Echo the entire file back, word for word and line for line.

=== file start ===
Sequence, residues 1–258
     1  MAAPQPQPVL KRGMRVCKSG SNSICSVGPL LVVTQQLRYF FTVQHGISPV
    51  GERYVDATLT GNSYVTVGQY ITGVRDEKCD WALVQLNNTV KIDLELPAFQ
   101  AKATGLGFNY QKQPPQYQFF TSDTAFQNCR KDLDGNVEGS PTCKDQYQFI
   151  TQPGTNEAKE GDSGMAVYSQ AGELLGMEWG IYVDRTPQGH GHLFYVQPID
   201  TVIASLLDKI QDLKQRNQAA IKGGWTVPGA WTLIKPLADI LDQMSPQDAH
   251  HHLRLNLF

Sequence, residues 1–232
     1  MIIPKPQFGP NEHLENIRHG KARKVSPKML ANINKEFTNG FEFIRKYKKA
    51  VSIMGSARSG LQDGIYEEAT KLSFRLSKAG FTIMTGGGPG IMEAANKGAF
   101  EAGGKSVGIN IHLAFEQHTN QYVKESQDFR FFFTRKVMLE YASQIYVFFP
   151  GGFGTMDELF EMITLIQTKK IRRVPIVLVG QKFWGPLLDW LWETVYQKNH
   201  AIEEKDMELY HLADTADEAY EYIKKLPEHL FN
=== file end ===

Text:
Sequence, residues 1–258
     1  MAAPQPQPVL KRGMRVCKSG SNSICSVGPL LVVTQQLRYF FTVQHGISPV
    51  GERYVDATLT GNSYVTVGQY ITGVRDEKCD WALVQLNNTV KIDLELPAFQ
   101  AKATGLGFNY QKQPPQYQFF TSDTAFQNCR KDLDGNVEGS PTCKDQYQFI
   151  TQPGTNEAKE GDSGMAVYSQ AGELLGMEWG IYVDRTPQGH GHLFYVQPID
   201  TVIASLLDKI QDLKQRNQAA IKGGWTVPGA WTLIKPLADI LDQMSPQDAH
   251  HHLRLNLF

Sequence, residues 1–232
     1  MIIPKPQFGP NEHLENIRHG KARKVSPKML ANINKEFTNG FEFIRKYKKA
    51  VSIMGSARSG LQDGIYEEAT KLSFRLSKAG FTIMTGGGPG IMEAANKGAF
   101  EAGGKSVGIN IHLAFEQHTN QYVKESQDFR FFFTRKVMLE YASQIYVFFP
   151  GGFGTMDELF EMITLIQTKK IRRVPIVLVG QKFWGPLLDW LWETVYQKNH
   201  AIEEKDMELY HLADTADEAY EYIKKLPEHL FN